Perkins IV and California’s CTE Program Discontinuance
Fleming’s understanding of the critical role Perkins plays in CTE education is boundless. He points out that from its inception in 1984, the Perkins Act had been looked upon as an alternative to college, with an emphasis on training students for specific vocations. In 2004, Perkins IV was enacted, with a new goal: develop challenging academic CTE standards, integrate general education and CTE instruction, create CTE pathways via articulation, and create stronger links between secondary and postsecondary education (Moore, Shulock, 2013.
California requires community colleges to review their CTE programs on a biennial basis, with set criterion: labor market demand is met, no duplication of training programs, and program effectiveness based on student completion, and employment. Programs not meeting these requirements, by law, are subject to discontinuance. This is rarely enforced, as local program discontinuance policies often allow programs to continue well beyond the law’s intent. Another issue is the lack of consistent CTE program discontinuance policies at the district level. Inconsistent justification for discontinuance leads to program disruption for students and counselors, and the community colleges in those districts.
Strategic planning is a critical component of program discontinuance. All three referenced institutions had district policies, program review policies, as well as short, and long-term plans for ensuring programs aligned with local community needs. The most recent program reviews from the three colleges revealed twenty-two CTE programs had been discontinued, and several additional programs were merged, and/or reduced. The aftermaths of reviews that were conducted either poorly, or hastily, used program discontinuation processes as cost-cutting strategies, or conducted for the purpose of addressing accreditation issues, were fraught with distrust, political infighting, and anxiety. On the other hand, program discontinuation decisions guided by sound district and local policies, and data, resulted in appropriate decision-making for discontinuance of certain programs, and far less stress on faculty, though feelings may have been hurt along the way. Why rush or force such an important review if committees/working groups are ill-prepared or unmotivated to conduct it? Did the decisions by work groups and committees in those situations negatively impact students?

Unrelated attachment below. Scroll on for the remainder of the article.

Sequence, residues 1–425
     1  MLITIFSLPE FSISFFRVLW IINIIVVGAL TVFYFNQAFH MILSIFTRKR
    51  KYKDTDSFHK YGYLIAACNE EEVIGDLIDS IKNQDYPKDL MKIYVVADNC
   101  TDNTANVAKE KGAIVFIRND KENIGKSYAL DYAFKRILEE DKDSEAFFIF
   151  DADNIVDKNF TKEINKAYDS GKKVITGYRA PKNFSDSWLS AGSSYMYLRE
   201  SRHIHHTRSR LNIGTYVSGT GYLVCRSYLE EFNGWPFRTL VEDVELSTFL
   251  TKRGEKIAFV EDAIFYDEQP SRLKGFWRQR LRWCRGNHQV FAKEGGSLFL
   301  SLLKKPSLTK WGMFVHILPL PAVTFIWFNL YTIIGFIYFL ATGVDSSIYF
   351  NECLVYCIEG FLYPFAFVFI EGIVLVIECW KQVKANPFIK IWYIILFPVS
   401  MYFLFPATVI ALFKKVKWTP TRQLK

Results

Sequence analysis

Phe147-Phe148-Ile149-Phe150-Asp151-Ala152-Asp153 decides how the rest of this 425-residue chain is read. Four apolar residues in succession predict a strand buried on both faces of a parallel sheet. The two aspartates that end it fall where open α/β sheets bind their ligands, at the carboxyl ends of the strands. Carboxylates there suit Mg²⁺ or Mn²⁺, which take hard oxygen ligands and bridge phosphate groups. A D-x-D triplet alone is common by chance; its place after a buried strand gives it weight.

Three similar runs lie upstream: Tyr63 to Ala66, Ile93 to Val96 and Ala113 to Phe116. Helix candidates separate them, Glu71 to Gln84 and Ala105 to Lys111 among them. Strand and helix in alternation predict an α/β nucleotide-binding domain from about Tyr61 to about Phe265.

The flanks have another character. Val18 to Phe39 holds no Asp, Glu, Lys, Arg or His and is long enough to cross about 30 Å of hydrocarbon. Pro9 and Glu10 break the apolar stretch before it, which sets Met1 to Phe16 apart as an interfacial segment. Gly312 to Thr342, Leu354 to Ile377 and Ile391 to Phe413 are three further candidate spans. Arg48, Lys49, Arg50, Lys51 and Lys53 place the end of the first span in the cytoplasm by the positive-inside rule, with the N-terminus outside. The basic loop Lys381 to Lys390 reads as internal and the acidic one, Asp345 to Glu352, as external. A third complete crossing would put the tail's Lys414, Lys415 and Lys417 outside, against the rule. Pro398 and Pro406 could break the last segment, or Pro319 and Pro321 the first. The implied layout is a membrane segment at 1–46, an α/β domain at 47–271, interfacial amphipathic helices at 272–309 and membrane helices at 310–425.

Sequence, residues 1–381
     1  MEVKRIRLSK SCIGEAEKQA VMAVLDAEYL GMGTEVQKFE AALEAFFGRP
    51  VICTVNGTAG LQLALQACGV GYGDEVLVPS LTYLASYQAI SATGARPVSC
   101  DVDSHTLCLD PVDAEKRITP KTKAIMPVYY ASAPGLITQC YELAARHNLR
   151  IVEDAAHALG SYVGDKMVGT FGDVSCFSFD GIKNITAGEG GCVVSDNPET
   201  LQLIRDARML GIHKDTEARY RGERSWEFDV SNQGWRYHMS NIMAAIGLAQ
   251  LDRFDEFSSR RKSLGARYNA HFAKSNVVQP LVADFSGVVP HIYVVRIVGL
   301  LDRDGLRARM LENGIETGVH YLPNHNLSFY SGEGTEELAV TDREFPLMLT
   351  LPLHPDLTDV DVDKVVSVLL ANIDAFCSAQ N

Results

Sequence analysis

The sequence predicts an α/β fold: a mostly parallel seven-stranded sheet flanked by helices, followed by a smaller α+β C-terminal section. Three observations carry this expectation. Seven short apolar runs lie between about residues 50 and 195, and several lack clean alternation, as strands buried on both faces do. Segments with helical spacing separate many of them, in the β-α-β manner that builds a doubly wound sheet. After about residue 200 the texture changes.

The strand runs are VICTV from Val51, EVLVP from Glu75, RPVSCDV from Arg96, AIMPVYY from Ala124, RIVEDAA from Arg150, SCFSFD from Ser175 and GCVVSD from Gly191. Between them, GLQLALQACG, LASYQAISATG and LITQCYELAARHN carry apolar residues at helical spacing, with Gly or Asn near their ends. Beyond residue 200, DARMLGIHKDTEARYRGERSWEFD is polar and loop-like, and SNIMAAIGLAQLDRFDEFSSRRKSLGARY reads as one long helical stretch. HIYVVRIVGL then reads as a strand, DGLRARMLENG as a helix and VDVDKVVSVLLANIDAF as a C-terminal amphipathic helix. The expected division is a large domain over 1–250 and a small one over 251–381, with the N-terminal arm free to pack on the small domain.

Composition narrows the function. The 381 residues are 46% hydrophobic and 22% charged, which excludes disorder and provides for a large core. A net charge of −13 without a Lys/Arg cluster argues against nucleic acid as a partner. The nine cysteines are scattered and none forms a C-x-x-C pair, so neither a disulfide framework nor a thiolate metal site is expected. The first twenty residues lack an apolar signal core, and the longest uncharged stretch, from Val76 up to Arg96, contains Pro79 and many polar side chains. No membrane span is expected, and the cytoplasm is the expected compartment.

The three case studies presented in Maintaining Strategic Relevance illustrate the importance of developing, implementing, evaluating, and revising district and local CTE program discontinuation policies. Dr. Fleming does an outstanding job of presenting not only the nuts and bolts of working through these difficult and painful decision-making processes, but he gives the reader insight into the do’s and don’ts, and how things can go sideways when local committees are thrust into service for the sake of meeting a timeline. I selected this book due my curiosity in this topic, and although I’ve never participated in the program discontinuance process personally, but I see why Dr. Fleming wrote it. He is to be thanked for sharing his research and expertise with the masses and for offering us a sobering look at CTE program discontinuance.
Moore, C., Shulock, N. (2013). State and system policies related to career technical education: High school to community college to workplace pathways-a working paper. Sacramento, CA: Institute for Higher Education Leadership and Policy.